During our initial meetings with authors and thought leaders over the years, most clients have been very enthusiastic about following our plan to support their launch. They say “yes!” to writing guest blog posts, “yes!” to providing 1-2 posts a week for their own blog, and “yes!” to creating unique content for PR requests and top tier media.

As we move from the Building Phase into the Working and then Launching phases, a few of them have been just as prolific as promised, but the majority end up exactly where we warned them they could be: scrambling for content during crunch time.

Whether you believe it or not, you will be very busy with last minute changes to the book, unforeseen issues with the distributor, and plans for marketing your published work to your desired audience. You may find, as so many do, that the time that you thought you would have for writing “once the book is done” is eaten up very quickly by things outside of your control.

When faced with fifteen — or fifty — requests from your publicist or fellow authors and bloggers for content and interviews to help them spread your message, it’s easy to become overwhelmed and only answer the top five. This not only sends the unintended message that the others aren’t important, but it causes you to lose out on free advertising.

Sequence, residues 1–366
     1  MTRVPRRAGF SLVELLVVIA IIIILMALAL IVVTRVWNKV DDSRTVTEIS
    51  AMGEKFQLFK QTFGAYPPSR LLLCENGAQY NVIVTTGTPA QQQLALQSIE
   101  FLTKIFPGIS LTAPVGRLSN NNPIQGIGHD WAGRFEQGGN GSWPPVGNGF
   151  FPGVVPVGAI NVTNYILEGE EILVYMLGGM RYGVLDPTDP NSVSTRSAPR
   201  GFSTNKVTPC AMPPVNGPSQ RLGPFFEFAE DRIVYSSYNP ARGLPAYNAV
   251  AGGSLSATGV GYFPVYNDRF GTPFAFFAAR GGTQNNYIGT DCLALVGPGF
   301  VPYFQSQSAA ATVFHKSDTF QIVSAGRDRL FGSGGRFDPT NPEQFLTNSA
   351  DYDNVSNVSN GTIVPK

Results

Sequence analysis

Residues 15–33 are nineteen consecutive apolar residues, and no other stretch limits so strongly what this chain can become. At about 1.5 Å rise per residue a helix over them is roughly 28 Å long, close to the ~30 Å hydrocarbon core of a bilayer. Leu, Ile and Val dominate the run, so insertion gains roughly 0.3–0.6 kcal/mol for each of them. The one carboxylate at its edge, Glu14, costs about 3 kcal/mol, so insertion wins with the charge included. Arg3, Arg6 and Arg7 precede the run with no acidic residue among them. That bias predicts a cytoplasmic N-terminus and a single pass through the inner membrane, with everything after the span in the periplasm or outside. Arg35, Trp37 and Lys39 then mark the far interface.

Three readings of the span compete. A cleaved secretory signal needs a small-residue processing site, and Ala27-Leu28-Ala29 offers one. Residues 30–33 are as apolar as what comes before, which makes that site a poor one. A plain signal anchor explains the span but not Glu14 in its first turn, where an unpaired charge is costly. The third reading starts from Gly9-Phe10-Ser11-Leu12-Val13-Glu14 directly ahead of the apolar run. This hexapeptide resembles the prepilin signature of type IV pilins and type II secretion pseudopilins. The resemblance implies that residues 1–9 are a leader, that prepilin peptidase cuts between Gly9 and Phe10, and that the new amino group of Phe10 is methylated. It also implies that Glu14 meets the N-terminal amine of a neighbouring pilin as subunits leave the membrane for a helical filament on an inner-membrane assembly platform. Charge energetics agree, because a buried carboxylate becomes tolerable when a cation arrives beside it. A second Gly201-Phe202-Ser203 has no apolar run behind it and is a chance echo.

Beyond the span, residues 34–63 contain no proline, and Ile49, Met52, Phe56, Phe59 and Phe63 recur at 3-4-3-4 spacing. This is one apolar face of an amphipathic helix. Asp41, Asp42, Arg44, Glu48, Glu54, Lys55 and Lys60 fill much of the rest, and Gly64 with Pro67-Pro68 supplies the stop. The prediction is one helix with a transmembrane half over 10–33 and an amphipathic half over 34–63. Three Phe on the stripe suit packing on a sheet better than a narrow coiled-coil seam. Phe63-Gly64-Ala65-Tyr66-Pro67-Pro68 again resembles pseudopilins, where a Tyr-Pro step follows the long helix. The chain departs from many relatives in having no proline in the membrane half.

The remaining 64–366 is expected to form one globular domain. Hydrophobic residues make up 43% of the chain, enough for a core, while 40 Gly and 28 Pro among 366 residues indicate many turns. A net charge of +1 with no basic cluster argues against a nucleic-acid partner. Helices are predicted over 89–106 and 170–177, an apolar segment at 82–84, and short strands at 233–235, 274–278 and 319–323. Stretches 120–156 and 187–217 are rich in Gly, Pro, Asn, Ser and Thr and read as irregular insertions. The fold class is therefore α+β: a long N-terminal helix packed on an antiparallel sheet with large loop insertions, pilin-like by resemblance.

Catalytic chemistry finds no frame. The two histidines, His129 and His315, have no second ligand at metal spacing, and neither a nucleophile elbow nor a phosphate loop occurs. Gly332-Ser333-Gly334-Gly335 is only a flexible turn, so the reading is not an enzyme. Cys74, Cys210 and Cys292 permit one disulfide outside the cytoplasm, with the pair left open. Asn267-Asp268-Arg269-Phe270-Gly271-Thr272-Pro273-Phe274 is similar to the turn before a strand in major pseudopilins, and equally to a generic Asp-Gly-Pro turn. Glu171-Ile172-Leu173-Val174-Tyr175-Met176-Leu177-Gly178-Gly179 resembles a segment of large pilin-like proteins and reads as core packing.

Don’t miss out — be prepared to be generous with your content because you did the work ahead of time.

In addition to the above reasons for why you need a content library, here are three ideas for creating a stockpile or ready-made library of content, whether you have a ready-to-launch book, a rough outline, or are hoping to be discovered as a new niche blogger.

1. If you find yourself with time on your hands, USE IT.

Instead of taking a nap on a rainy afternoon, type out a short article or two. Rather than watching a movie on your next flight, jot down outlines for 7 or 8 future posts. When inspiration hits you, use it! Chances are, when it’s time to respond to pre-launch requests, you may not be feeling particularly creative or enthusiastic after completing all those manuscript revisions!

2. Writing once can help you TWICE.

Even if you don’t have a book yet, you can stockpile posts that can be used on your own blog during the book writing phase. This will keep your blog active in the present while you are busy focusing on the future. ALSO, If you mention your book or include ideas from it in your posts, they can stay in your launch library to be reused later (with two or three easy tweaks to refresh them) as guest posts for bloggers who are willing to use repurposed content.

3. You’re not writing a BOOK, just a few paragraphs.

So many bloggers and authors are paralyzed by the idea that they need to come up with 2,000 or 2,500 word posts, when 250-500 will do. Everyone’s in a hurry, so your post should be like the sample on a stick that fast-food restaurants hand out to entice you to buy a meal — hook them with the basic ideas, and sell them on buying the book.

No matter where you are in the process, set aside time to begin cultivating your library of content so that you can fulfill all those “yes!” promises that you make to yourself — and others.

P.S. Learn more about repurposing content in our upcoming webinar! Details here